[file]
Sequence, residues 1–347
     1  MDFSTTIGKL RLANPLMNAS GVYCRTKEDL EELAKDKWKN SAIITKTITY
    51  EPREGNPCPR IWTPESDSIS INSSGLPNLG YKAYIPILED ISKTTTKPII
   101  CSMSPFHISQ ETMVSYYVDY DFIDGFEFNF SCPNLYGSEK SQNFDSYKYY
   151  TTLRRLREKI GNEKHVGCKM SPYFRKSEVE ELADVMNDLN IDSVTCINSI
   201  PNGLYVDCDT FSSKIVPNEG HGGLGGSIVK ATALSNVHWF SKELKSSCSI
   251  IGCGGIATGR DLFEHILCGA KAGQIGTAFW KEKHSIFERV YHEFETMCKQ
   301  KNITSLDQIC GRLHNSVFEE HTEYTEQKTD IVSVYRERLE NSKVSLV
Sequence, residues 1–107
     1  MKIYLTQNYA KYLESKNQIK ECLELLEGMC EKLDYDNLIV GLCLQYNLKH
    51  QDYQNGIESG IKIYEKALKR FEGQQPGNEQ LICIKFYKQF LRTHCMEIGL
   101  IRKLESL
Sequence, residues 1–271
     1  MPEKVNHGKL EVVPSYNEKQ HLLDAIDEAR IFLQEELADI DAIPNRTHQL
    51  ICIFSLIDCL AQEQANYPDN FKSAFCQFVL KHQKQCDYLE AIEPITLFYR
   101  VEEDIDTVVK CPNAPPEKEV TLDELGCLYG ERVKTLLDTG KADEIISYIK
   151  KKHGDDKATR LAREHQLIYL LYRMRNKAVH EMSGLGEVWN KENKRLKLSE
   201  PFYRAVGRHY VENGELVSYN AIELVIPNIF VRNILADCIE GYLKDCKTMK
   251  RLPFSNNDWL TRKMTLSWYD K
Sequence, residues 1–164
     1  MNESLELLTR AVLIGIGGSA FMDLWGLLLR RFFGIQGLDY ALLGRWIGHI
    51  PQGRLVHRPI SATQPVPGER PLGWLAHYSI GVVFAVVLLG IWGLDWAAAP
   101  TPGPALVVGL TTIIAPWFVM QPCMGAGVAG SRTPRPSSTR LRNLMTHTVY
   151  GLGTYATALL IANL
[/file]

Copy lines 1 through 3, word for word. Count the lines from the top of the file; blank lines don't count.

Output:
Sequence, residues 1–347
     1  MDFSTTIGKL RLANPLMNAS GVYCRTKEDL EELAKDKWKN SAIITKTITY
    51  EPREGNPCPR IWTPESDSIS INSSGLPNLG YKAYIPILED ISKTTTKPII